By the mid-'90s, Brit-Pop was the dominant force in the UK’s music scene, its main players fixtures in the charts, the tabloids, and the popular imagination.
This game-changing cultural shift initially rolled out without The Verve. Formed in the aftermath of the second summer of love and the mania surrounding The Stone Roses, the Wigan-based band had taken the psychedelic dance rock of the Roses and melded it with the strutting, preening rock 'n' roll of prime Stones and Zeppelin. In guitarist Nick McCabe they had their own hybrid of Johnny Marr and Jimmy Page, with frontman Richard Ashcroft an explosive amalgam of John Lennon, Mick Jagger, charisma and cheekbones. Unlike so many of their indie peers, The Verve looked and sounded like rock stars.
But this, however, didn’t immediately translate into album sales. The band's 1993 debut, A Storm In Heaven, peaked at number 27 in the UK album chart, and its follow-up, A Northern Soul, released in June '95, only spent three weeks in the top 40, peaking at number 13. Internal feuding would cause The Verve to split in October 1995, the same month Oasis released (What’s the Story) Morning Glory?, one of Brit-Pop's most obvious potential superstars exiting stage left at the exact moment the scene was about to blow up, with the album that would become its commercial peak.
The split hit Richard Ashcroft hard. Despite being the instigator, he was filled with regret of what might have been. Hearing A Northern Soul’s third single History on Radio One just after the split he told Music Saves in 1998 that he was “more choked than I've ever been in my life... I was sure that if we'd toured after History we'd have taken off."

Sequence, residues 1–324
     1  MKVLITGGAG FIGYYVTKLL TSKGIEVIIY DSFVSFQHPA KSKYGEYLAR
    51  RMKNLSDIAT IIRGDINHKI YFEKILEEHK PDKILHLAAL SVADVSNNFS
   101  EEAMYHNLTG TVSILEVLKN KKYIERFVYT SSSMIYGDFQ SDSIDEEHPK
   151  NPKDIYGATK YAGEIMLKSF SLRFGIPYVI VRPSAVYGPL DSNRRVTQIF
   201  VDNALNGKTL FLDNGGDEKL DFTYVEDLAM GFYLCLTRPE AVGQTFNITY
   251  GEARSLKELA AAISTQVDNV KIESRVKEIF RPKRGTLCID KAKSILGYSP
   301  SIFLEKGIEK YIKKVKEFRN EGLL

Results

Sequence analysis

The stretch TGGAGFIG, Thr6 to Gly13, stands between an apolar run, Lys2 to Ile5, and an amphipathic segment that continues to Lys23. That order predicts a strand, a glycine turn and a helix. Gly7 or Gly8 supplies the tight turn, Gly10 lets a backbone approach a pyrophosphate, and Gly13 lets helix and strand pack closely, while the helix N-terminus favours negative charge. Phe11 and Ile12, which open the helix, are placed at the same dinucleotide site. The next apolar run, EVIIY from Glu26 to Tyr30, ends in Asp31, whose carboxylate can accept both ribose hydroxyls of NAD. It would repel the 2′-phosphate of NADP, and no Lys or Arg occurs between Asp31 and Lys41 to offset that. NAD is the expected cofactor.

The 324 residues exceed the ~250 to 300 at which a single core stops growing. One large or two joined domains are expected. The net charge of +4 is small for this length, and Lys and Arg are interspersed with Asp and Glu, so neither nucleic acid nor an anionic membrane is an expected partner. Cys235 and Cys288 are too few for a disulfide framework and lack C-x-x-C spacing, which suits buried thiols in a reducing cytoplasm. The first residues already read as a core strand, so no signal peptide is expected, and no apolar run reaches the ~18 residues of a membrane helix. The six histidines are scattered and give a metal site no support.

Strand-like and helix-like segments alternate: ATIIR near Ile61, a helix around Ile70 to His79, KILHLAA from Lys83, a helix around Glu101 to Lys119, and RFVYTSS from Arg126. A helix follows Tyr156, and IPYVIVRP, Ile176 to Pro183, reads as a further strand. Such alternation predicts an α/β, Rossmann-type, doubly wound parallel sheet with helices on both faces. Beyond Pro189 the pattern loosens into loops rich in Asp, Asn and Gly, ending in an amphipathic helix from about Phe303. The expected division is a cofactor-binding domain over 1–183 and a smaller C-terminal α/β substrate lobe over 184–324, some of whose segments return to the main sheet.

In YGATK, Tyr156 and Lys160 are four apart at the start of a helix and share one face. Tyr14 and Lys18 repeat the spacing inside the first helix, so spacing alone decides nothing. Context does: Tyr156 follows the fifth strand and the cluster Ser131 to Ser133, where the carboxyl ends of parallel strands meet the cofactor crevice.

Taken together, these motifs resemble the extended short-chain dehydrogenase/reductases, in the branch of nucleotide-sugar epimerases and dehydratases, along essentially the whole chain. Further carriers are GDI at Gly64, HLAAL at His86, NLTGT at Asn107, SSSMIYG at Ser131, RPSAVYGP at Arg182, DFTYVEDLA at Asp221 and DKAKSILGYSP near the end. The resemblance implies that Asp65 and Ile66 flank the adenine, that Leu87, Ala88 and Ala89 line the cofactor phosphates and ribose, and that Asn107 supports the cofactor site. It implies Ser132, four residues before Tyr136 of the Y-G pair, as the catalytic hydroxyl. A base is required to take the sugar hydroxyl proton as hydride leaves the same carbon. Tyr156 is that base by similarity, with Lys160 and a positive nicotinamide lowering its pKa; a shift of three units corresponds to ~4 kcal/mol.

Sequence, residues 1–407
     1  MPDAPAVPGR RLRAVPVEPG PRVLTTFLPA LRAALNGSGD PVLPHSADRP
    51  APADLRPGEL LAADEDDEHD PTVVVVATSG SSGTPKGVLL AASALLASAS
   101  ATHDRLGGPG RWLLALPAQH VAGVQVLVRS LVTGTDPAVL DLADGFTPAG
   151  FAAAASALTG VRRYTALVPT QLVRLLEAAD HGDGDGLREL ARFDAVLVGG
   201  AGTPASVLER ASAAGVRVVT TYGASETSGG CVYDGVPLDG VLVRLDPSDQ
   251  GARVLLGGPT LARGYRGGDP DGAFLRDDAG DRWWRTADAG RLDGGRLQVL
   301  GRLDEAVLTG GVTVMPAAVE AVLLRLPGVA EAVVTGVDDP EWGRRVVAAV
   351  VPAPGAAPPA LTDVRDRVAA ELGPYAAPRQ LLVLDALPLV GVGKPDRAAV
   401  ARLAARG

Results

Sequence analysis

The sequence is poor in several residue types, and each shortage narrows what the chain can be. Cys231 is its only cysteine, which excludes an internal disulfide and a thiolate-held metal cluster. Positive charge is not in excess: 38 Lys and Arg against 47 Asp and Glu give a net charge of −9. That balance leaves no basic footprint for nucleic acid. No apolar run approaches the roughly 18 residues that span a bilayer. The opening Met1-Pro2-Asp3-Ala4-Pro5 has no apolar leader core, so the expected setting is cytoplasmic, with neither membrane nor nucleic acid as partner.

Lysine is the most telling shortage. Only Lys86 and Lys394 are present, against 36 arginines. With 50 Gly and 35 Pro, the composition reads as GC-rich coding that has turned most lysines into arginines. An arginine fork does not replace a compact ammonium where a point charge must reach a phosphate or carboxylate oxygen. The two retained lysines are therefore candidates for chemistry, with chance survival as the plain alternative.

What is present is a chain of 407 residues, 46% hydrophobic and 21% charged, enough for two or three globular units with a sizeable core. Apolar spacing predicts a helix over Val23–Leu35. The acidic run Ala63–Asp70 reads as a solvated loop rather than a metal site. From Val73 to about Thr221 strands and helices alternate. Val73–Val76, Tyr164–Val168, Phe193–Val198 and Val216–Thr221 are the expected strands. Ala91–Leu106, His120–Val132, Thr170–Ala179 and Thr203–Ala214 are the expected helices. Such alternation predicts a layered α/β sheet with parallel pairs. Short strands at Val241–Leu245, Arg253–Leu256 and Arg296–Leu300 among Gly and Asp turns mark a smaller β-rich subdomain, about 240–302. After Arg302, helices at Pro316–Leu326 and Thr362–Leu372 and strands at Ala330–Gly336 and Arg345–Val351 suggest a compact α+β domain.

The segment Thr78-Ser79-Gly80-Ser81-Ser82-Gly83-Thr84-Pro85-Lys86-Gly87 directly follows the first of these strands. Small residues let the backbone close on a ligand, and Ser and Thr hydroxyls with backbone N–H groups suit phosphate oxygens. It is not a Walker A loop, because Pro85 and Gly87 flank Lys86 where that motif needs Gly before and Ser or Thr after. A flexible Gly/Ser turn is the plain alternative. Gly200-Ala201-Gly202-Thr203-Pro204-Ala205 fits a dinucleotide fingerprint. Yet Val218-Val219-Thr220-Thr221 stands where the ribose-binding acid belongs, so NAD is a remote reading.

Ashcroft drifted between friends' floors and hotel rooms around the country to try to find peace with his decision. He would later recall this soul-searching period as the most creative of his life, and it was during this time that many of the songs that would go on to become Urban Hymns were first sketched out.
It would not be long before Ashcroft reunited with bassist Simon Jones and drummer Nick Salisbury. Although they didn’t play any gigs, the trio did add guitarist Simon Tong to their ranks and began to work on the new material, entering the studio with A Storm In Heaven producer John Leckie in late 1996.
For all his eagerness to make up for lost time, Ashcroft came to realise that something was missing from the new Verve recordings. The session was scrapped, and the band started afresh, hiring Killing Joke bassist Youth and Chris Potter and booking time at Olympic Studios in the hope that this reboot would sort the problem. It didn’t. Even after the change of personnel on the sessions, it became clear to Ashcroft that without Nick McCabe, The Verve's new songs didn't sound like The Verve.
“I got to the point where nothing other than The Verve would do for me,” said Ashcroft. “I love Nick McCabe, and I never want to be in a band if he’s not playing guitar. I hope he feels the same about me.”
Ashcroft asked McCabe to rejoin the band, midway through the recording of the album: the guitarist agreed, adding his own unique flourishes to the songs crafted in his absence. “Everything he did just sounded right,” said Chris Potter.
Re-energised, the quintet recorded six more songs, completing what would be their comeback album.
One song stood out from the pack. Ashcroft had heard the Andrew Oldham Orchestra version of The Rolling Stones 1965 song The Last Time and believed he could be “turned into something outrageous”, as he told Rolling Stone. Sampling and looping four bars of the orchestral version, he then layered it with his band’s instrumental takes and his own vocals, channelling the work of Italian film composer Ennio Morricone and early hip-hop. The result was a true masterpiece; the album's first single, Bittersweet Symphony.